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Pennsylvania chocolate factory explodes, killing seven in run up to Easter
By Edward Helmore and agencies,
A powerful explosion at a Pennsylvania chocolate factory known for making chocolate Easter bunnies killed a total of seven people, authorities said, as emergency workers retrieved the last of the bodies.
The deadly blast obliterated the facility 60 miles north-west of Philadelphia a little more than two weeks before Easter. The cause of the explosion remained under investigation on Saturday morning, but officials said they believed it may have resulted from a gas leak, WPVI reported .
Video posted on social media showed how the RM Palmer Company building in West Reading, Pennsylvania, exploded about 5pm on Friday.
Early on Saturday, rescuers found a factory worker who had survived but was trapped, according to the Reading Eagle newspaper . West Reading’s police chief, Wayne Holben, initially expressed hope of finding more survivors.
Rescue crews were using heavy equipment to pull away debris while scanning the site with thermal imaging equipment and using sniffer dogs. The borough fire chief, Chad Moyer, said on Saturday night that the chance of finding survivors was “decreasing rapidly” but the local mayor, Samantha Kaag, called it “a hold out for hope” to get answers for people.
On Sunday though, more bodies were steadily being recovered.
West Reading Mayor Samantha Kaag said: “Please understand that this is a devastating loss, but we are truly grateful to bring closure to the families involved in the upcoming days.”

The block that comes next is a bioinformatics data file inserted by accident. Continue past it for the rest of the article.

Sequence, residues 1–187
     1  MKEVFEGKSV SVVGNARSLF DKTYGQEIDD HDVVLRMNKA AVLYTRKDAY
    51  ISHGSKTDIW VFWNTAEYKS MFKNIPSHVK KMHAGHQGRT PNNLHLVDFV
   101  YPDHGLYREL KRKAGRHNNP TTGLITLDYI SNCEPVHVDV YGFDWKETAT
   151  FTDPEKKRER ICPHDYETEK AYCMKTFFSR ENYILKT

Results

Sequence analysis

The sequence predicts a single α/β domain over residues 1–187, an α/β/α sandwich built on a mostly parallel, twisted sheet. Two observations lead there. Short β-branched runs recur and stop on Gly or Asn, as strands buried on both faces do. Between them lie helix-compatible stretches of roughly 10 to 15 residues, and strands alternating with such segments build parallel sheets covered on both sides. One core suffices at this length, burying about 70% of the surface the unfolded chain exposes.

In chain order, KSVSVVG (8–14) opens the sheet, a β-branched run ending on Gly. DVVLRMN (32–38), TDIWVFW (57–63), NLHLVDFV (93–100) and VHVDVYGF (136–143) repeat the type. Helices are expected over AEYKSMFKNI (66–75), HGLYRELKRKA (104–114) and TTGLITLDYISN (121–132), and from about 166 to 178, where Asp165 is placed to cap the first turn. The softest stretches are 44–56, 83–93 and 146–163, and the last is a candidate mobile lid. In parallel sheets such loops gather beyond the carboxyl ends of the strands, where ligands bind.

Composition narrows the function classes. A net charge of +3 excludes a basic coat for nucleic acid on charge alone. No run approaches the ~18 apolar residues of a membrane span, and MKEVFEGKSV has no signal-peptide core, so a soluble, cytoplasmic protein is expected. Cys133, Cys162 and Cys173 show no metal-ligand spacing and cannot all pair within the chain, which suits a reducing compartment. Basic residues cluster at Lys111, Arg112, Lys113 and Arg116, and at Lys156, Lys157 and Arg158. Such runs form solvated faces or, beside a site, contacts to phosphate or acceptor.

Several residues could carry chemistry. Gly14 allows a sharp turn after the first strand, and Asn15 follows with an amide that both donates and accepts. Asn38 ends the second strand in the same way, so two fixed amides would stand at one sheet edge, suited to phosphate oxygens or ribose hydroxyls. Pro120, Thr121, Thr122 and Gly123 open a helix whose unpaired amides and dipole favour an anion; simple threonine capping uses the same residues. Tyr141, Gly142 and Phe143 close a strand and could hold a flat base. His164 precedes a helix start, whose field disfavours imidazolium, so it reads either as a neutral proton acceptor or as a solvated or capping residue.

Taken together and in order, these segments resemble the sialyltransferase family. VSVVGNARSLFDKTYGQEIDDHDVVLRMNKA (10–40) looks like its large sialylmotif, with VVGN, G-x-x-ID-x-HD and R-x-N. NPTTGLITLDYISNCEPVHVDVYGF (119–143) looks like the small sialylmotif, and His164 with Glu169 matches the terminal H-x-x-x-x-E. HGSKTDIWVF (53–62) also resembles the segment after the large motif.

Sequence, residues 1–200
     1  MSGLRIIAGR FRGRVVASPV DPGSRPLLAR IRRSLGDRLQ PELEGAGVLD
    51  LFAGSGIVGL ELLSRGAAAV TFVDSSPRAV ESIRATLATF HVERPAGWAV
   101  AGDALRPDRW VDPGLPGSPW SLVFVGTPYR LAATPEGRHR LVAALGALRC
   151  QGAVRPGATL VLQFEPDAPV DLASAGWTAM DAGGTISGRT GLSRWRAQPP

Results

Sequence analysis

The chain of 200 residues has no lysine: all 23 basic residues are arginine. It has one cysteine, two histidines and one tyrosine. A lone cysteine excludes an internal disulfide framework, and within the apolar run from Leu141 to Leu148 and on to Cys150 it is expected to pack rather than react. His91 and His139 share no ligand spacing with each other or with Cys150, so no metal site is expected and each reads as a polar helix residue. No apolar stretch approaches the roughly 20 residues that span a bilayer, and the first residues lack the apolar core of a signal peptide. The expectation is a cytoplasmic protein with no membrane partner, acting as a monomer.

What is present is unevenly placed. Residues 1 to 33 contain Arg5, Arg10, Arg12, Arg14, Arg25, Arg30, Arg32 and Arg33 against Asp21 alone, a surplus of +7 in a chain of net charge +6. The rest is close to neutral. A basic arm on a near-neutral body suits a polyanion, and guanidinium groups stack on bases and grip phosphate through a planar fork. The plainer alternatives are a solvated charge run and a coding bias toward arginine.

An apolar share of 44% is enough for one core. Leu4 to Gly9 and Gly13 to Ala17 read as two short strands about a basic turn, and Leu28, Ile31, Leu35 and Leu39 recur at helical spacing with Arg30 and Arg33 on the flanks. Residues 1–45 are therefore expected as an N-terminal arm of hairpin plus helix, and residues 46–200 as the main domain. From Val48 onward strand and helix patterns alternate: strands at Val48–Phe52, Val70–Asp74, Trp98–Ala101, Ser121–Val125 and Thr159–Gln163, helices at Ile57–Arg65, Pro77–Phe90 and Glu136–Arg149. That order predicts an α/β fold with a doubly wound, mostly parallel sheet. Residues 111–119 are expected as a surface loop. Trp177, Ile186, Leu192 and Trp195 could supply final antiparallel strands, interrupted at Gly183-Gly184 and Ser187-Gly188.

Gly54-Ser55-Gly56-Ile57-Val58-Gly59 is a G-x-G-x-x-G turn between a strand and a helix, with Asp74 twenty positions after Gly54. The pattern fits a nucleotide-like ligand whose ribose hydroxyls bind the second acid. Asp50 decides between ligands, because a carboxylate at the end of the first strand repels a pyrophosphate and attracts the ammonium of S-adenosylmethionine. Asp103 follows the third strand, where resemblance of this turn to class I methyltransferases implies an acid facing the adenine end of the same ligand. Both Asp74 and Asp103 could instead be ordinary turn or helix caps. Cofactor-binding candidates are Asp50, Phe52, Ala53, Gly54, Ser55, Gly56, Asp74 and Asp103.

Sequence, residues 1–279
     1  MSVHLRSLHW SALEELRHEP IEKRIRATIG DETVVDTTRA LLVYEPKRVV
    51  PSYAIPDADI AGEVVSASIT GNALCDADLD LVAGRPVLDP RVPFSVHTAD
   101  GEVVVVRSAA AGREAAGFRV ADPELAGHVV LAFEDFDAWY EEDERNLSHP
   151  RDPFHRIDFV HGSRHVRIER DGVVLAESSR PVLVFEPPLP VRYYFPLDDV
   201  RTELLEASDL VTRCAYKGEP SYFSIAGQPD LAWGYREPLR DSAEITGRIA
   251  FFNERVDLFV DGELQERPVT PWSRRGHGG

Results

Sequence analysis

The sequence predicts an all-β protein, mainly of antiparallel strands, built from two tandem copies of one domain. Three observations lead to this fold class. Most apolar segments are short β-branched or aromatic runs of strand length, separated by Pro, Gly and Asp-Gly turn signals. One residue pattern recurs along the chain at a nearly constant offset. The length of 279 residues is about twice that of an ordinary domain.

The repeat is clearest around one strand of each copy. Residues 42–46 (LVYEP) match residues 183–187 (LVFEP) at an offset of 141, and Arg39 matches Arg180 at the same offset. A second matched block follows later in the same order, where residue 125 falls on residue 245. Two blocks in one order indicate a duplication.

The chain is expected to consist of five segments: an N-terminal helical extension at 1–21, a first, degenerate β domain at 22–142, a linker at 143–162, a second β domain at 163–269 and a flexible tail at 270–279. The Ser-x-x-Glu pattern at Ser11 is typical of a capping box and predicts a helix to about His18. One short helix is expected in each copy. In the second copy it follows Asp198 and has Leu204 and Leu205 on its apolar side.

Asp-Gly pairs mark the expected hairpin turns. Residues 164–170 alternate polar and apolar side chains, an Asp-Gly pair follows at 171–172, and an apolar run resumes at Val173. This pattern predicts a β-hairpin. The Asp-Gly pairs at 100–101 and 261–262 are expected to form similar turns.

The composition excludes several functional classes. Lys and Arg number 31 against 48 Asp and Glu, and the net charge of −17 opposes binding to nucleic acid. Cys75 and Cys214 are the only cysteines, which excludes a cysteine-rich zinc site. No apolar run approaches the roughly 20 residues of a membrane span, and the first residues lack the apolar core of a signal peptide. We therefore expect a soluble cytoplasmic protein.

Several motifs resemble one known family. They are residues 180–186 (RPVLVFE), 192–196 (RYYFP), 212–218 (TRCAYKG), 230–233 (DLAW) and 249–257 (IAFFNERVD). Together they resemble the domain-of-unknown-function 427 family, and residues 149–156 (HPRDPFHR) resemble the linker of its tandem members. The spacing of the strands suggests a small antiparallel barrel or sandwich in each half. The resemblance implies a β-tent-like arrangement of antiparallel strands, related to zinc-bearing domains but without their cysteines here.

A number were injured in the blast as well. Reading hospital said it received 10 patients and transferred two to other facilities, while two others were admitted in good and fair condition respectively and the others had been discharged.
The history of chocolate factories is littered with disasters. Some explosions have occurred when combustible starch dust used for shaping candies and bonbon centers has ignited.
Last month, the confectionery company Mars Wrigley was fined more than $14,500 over a mishap in June at its M&M/Mars plant in Elizabethtown, Pennsylvania, in which two workers fell into a vat of chocolate.
According to RM Palmer’s website, the company has specialized in Valentine’s Day, Easter, Christmas and Halloween chocolates since it was founded in 1948. “What began as one man’s dream has grown into a collection of holiday novelties loved by millions of people … making it one of America’s largest and most innovative confectioners”, the website says.
Three buildings around the site were being condemned as a precaution, Kaag said.
“This does not mean they are slated for demolition or uninhabitable. Simply that there will still be work happening around them as we proceed and they will need to be looked at further by structural engineers.”
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